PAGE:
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Iranian base reportedly bombed by IAF
Photo: Digital Globe, McKenze intelligence Services ,BBC
Yossi Yehoshua
Attack on Iranian base in Syria emphasizes red lines inflexible
Analysis: Friday night’s strike in Syria—if Israel is indeed behind it—is part of warfare on three fronts: A diplomatic front—in a bid to influence the agreements on Syria's future; a media front—through PR and reports like the footage of the Iranian base that reached the BBC; and a military front—by attacking attempted weapons smuggling and Iranian entrenchment attempts.

The alleged Israeli attack on the Iranian military base near Damascus this weekend indicates, for the second time in about three months, that Israel is making good on its threats to prevent an Iranian entrenchment in Syria and is drawing a red line for the Iranians—if the strike was indeed carried out by Israel.

 

 

Throughout the past summer, senior Israeli defense officials warned against the construction of a precision-guided missiles factory on Syrian soil, which would supply the Assad army—and primarily Hezbollah—with missiles with a limited explosion radius. According to foreign reports, the factory was attacked by the Israel Air Force on September 7 in what was in fact the most significant strike in Syrian in recent years.

 

This isn’t, therefore, just another one of the 100 or more alleged Israel strikes in Syria, but an Iranian target that may be less strategic than the missile factory, but draws the red line as part of the new policy.

 

Map showing the location of the reported attack in Syria
Map showing the location of the reported attack in Syria

 

On November 11, BBC published satellite footage allegedly pointing to continued construction work in a base near al-Kiswah from January to October 2017. The images show more than 20 relatively low buildings, which according to the network were likely being used to house soldiers and store vehicles.

 

The British news broadcasting corporation has no intelligence capabilities of course, and an interested party obviously made sure to leak the footage as a warning the Iranians against the idea of establishing a base that would mainly be inhabited by members of Shiite militias operating under the Iranian Revolutionary Guards.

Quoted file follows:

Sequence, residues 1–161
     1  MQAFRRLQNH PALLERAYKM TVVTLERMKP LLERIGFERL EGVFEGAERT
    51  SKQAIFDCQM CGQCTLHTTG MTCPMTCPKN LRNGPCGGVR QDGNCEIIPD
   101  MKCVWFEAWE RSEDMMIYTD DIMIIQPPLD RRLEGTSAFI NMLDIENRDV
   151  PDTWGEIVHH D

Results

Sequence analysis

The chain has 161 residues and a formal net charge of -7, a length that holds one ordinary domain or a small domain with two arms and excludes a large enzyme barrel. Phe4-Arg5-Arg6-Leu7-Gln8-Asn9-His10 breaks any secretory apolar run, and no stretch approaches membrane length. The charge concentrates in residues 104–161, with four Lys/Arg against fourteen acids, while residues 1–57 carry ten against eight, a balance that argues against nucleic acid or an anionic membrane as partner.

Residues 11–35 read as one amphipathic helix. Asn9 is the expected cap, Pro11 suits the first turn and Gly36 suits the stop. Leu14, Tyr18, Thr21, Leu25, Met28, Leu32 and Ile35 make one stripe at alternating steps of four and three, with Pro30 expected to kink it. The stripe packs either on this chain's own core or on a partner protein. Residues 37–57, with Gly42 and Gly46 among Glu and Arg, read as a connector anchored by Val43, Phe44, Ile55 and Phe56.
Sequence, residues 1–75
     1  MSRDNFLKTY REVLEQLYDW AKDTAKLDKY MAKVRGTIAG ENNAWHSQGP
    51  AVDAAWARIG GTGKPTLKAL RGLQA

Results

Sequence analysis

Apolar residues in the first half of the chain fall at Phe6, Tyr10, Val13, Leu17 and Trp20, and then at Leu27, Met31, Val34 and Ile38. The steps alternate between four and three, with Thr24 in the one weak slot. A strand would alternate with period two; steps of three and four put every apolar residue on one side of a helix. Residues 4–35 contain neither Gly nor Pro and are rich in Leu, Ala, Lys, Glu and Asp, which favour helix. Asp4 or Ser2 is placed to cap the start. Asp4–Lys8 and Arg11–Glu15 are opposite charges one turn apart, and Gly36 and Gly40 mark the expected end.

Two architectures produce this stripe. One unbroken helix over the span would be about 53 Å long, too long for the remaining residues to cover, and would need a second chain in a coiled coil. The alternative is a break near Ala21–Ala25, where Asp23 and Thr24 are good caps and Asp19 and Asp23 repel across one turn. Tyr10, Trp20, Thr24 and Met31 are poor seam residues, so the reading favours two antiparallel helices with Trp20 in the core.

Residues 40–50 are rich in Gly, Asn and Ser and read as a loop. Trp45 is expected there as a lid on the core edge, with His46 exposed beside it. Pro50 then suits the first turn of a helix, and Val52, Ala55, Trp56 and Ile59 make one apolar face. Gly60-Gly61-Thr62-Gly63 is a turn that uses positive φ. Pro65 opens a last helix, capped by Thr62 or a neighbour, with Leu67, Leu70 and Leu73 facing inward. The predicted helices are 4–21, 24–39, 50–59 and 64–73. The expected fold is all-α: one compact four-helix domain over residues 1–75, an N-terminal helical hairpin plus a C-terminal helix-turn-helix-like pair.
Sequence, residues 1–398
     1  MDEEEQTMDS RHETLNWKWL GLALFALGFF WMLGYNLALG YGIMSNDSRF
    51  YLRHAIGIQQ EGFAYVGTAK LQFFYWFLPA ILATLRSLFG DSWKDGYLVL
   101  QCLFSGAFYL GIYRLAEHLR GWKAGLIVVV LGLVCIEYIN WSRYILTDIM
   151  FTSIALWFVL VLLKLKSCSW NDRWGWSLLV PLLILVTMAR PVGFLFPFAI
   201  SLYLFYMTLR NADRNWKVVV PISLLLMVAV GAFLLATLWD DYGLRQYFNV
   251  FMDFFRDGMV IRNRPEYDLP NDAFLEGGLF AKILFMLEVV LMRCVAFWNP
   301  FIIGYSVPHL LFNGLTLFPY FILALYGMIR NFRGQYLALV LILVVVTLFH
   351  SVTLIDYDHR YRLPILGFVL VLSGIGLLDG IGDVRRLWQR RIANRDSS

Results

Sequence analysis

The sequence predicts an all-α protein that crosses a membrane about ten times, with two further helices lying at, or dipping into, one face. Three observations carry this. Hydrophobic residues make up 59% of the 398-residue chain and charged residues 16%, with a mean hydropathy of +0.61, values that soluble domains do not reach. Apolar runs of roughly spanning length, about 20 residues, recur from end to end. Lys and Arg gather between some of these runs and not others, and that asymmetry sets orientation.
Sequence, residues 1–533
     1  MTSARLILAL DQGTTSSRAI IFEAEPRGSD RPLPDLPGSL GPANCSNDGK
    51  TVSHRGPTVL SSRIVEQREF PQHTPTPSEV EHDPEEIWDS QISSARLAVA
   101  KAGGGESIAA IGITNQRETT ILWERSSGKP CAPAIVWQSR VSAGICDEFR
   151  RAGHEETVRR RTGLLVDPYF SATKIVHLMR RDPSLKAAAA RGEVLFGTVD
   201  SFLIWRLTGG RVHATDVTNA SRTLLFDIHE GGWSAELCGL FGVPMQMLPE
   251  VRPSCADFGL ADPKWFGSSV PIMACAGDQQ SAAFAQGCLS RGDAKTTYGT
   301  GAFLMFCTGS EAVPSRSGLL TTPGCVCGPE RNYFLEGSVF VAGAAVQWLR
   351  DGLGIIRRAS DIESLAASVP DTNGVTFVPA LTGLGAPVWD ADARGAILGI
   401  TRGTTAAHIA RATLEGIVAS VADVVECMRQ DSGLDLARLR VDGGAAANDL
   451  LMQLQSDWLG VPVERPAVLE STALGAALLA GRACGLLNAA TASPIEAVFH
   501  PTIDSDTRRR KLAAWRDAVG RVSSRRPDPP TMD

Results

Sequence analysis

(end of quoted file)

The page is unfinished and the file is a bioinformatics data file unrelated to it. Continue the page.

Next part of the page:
Since then, Defense Minister Avigdor Lieberman and IDF Chief of Staff Gadi Eisenkot have been warning against Iranian military entrenchment in Syria. Lt.-Gen. Eisenkot said recently in an interview to a Saudi news website: “We won't accept an Iranian presence in Syria. We've warned them against building factories or military bases, and we won’t allow it.”

 

Friday night’s strike in Syria—if Israel is indeed behind it—is part of warfare on three fronts: A diplomatic front—in a bid to influence the agreements on Syria's future; a media front—through PR and reports like the footage that reached the BBC; and a military front—by attacking attempted weapon smuggling and Iranian entrenchment attempts.

 

And so, according to foreign reports, at 12:30am Friday night, Israel attacked the Iranian base near the city of al-Kiswah, located about 15 kilometers southwest of Syria's capital, Damascus.

 

According to the report, the strike was carried out using five missiles, some of which were intercepted by the Syrian antiaircraft systems in the military airport in the Damascus neighborhood of al-Mezzeh. Two other missiles exploded near the cache.

 

Israeli officials avoided addressing the report, but we can report that not a single IAF plane was damaged over the weekend. Iran didn’t address the strike either, although the Iranian chief of staff had stated during his visit to Syria last month that Israel would not be able to strike in Syria whenever it wanted to. In spite of this statement, the weekend's events indicate that Israel—if it is indeed behind the strike—is maintaining its freedom of action and insisting on the red lines it has declared.

 

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